The link below is an article in this months issue of Contracting Profits, one of the several commercial cleaning industry trade journals.
It describes in detail :
– Oxygen based cleaners including :
– Hydrogen peroxide (H2O2) based cleaners
– Cavitation based “bubble” technology like Tenant’s and Activeion’s
– Ozone in water solution.
– Plant derived cleaners including :
– Citrus (D-limolene included)
– Other plant based – primarily soy oil as a substitute for petroleum bases.
The article says it better than I could – but a couple of observations.
Cavitation has been around in specialized applications for 20 years. Electrosonic blind cleaning tubs are the application we in the janitorial industry are most familiar with. However you can’t run your ceramic tile floor thru one of these tubs. A few years ago Tennant corporation came up with a chemical free auto scrubber that uses cavitation. In the last 2 years a startup called Activeion has further reduced the size of the bubble chamber to something larger than a Windex sized spray bottle – and it is now portable enough to use to clean a mirror or fixture in a bathroom or an entry door.
We are using the technology – the start up cost is a little higher (about $300 per spray bottle vs $ .60 or so) – but the $ 0 chemical costs can make you whole pretty quickly in a large building with a 4 hour bathroom run.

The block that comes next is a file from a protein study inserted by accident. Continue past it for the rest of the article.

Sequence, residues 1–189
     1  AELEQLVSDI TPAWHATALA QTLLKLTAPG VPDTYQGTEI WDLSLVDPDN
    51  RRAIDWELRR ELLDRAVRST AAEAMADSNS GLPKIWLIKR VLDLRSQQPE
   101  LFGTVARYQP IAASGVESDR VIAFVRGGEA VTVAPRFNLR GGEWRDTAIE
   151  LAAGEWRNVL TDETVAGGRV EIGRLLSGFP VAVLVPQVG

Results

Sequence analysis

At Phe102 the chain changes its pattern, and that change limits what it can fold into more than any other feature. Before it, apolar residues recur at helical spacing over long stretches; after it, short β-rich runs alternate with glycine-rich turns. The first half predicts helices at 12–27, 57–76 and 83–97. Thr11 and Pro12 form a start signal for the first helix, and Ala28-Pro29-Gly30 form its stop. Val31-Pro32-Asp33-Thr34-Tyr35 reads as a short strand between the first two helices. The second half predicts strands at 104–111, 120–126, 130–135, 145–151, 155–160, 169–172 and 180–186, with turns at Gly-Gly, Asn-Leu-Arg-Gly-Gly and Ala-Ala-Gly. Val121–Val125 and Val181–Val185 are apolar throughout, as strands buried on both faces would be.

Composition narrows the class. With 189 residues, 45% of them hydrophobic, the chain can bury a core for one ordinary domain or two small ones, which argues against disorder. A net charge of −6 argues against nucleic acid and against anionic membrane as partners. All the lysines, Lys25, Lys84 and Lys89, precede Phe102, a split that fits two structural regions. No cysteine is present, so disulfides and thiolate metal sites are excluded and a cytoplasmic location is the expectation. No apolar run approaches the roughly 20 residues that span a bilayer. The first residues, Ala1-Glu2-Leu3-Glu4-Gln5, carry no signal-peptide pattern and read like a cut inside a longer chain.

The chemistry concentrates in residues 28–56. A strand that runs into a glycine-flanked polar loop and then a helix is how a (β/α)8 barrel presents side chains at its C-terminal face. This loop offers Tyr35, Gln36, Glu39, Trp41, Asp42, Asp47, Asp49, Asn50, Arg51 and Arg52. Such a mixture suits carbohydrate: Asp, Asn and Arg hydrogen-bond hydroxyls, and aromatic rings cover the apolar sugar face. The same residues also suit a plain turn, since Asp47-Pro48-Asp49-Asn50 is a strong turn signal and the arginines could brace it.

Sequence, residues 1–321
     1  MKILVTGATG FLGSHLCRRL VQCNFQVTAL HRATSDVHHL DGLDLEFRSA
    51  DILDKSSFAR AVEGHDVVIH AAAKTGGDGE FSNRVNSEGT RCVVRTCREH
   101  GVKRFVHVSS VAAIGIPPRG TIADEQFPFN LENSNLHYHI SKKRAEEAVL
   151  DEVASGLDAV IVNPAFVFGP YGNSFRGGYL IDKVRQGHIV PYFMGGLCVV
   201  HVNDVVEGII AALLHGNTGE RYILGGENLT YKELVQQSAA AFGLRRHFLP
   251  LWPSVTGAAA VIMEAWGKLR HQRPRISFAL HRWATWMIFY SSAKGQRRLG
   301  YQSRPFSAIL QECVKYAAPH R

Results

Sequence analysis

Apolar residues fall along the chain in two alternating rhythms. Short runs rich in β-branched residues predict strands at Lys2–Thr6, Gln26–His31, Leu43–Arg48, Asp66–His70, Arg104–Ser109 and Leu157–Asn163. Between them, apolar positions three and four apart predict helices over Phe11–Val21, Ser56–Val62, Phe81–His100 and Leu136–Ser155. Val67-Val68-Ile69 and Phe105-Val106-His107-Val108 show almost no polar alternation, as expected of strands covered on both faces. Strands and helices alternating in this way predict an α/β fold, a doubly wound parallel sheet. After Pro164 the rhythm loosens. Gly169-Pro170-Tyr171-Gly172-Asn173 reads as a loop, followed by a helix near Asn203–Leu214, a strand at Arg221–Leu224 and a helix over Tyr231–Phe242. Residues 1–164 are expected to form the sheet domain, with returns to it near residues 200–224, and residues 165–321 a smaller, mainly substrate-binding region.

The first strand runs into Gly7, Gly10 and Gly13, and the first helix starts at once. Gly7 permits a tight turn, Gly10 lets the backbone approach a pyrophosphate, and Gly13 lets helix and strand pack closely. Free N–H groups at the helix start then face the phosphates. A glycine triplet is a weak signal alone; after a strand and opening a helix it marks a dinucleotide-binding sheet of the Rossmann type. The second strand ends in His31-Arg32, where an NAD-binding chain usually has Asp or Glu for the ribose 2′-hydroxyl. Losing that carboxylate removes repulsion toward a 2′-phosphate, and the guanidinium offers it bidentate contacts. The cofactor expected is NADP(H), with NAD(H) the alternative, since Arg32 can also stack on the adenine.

We’re also standardizing our start up janitorial franchisees on H2O2 products – our tests indicate comparable cleaning capability vs regular detergents, and the safety and OSHA MSDS compliance advantages of having one chemical that is so safe as to be almost drinkable are persuasive in our type of operation.
Citrus has been around in specialty products for years also – in particular mastic removers and carpet gum removers. It works. Was never really preferred for general floor cleaning etc as was unnecessary – existing (but less green products) worked fine. We haven’t costed it out vs detergent based cleaners for daily commercial cleaning applications like floors and bathrooms, but I’m guessing costs are not so different as to preclude us from using citrus based cleaners.